A Brief Look at Possible Head Coaching Candidates for the Clippers


The Clippers are in the market for a head coach and will likely wait until the end of the NBA Finals to begin their search in earnest, as they’ll want to see who gets fired or quits their current position.

The Clippers are definitely hoping to make a big splash in both the free agent arena and the head coach arena, as they’ve proven themselves much more interested in notoriety publicity than actual franchise advancement.

With that in mind, here are some very early thoughts on possible candidates and their fit with the team.

Any Current NBA Assistant – No chance. For starters, it’s not a good job for an assistant looking to make the move to the end of the bench. They’ll forever have the stink of the Clippers on them and it could very well be their only head coaching job ever (see: Hughes, Kim). Add in the fact that Baron Davis doesn’t like taking direction from experienced head coaches not named Don Nelson and the fact that it wouldn’t be the headline-grabbing news the Clippers seek, and there is next to no chance this will happen, but I’ve learned to seldom say never. This is too bad because Dwayne Casey, currently an assistant for the Mavericks, is probably going to be the next guy to make the leap from assistant to head coach and would be a good fit for the Clippers.

Byron Scott – Again, no chance. He does have the requisite previous head coaching experience and the former Laker would be a big name in LA, but he and Baron Davis had a public feud that led to Davis being traded to the Warriors in 2005. While Baron has said he’s open to having Scott as his coach once again, I imagine that was just a good sound byte for the cameras and that he would privately voice his displeasure with such a move. Plus, Scott figures to be a key candidate for the Chicago Bulls job that is likely to be vacant very, very soon. The Bulls would be a much more attractive choice for Scott, as he could build around the supremely talented Derrick Rose and Joakim Noah.

Jeff Van Gundy – While I do expect Van Gundy to get some consideration for head coaching jobs this summer, I think it would be a bad match for both parties were he to come to the Clippers. JVG prefers a slow-paced offense with half-court sets and aggressive defense. Half-court sets are to Baron Davis what non-Korean tenants are to Donald Sterling. Even though Baron inevitably prefers to dribble all the air out of the ball and then launch a pull-up three, he bristles at any sort of coaching in a half-court set. This would be a disaster and, frankly, JVG deserves better. If Doc Rivers leaves Boston, as has been rumored, JVG might not be such a bad fit there.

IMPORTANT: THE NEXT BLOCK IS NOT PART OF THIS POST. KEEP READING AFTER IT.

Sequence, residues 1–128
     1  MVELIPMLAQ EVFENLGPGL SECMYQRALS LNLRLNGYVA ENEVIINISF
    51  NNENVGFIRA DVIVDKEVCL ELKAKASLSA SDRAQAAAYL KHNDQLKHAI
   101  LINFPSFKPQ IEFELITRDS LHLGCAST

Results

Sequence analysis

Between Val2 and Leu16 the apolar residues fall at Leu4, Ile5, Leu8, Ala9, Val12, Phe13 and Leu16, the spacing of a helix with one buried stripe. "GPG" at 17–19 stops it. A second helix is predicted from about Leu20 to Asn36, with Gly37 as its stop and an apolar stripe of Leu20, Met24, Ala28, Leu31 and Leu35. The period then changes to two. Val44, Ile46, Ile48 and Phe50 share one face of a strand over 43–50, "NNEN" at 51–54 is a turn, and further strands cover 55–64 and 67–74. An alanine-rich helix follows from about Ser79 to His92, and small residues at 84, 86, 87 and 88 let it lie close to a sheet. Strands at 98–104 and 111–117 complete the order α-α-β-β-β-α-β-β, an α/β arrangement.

Larry Brown – While I don’t expect this to happen, I can’t decide if I’d like it to happen. I imagine Brown will either stay in Charlotte as head coach for another season or go to Philadelphia to take a front office role with the Sixers. The drawback to Brown would be that his transient nature would mean he’s likely a short-term option and that wouldn’t benefit the Clippers. The obcious plus to a Brown tenure in Clipperland would be the fact that he has the gravitas to command Baron to play good basketball (and not “Baronball”) and that he would attract key free agents (but not the big 3 discussed here yesterday). But Brown turns 70 before next season and unless he’s planning to coach for a year and then slide into a full-time front office role, he’s not the best fit for the Clippers.

Doug Collins – This could work out, but I have to wonder how much Collins would really want to return to the grind of coaching, managing egos and having the dysfunction that’s a Clipperland staple. Still, Collins is a big name who is still respected around the league (and rightly so), but I’d have to imagine his ideal gig is the one he has, announcer for TNT.

Mark Jackson – Full disclosure here: this is what I’m rooting for. Jackson, in my opinion, could be the absolute perfect fit for the Clippers, but he’d have to surround himself with a strong supporting cast. With no head coaching experience, a veteran-laden staff would be key, as would someone (anyone) in the front office who has experience negotiating with player agents, working the media and who can garner the respect of his peers around the league – i.e., NOT Neil Olshey. Jackson was a no-nonsense player (his catchphrase, “You’re better than that!” is currently used as the title of a good segment he does on ABC/ESPN and would get a lot of use as the Clippers’ coach) who would command respect from the players instantly. There would be no room for the lazy guard play that “Baronball” has become known for, nor would there be any allowance for a lack of hustle that seems to routinely take over the Clippers at least one quarter per game. Jackson lives in Los Angeles full-time and has been public about his desire to get a head coaching job. Here’s hoping the Clippers grant that wish.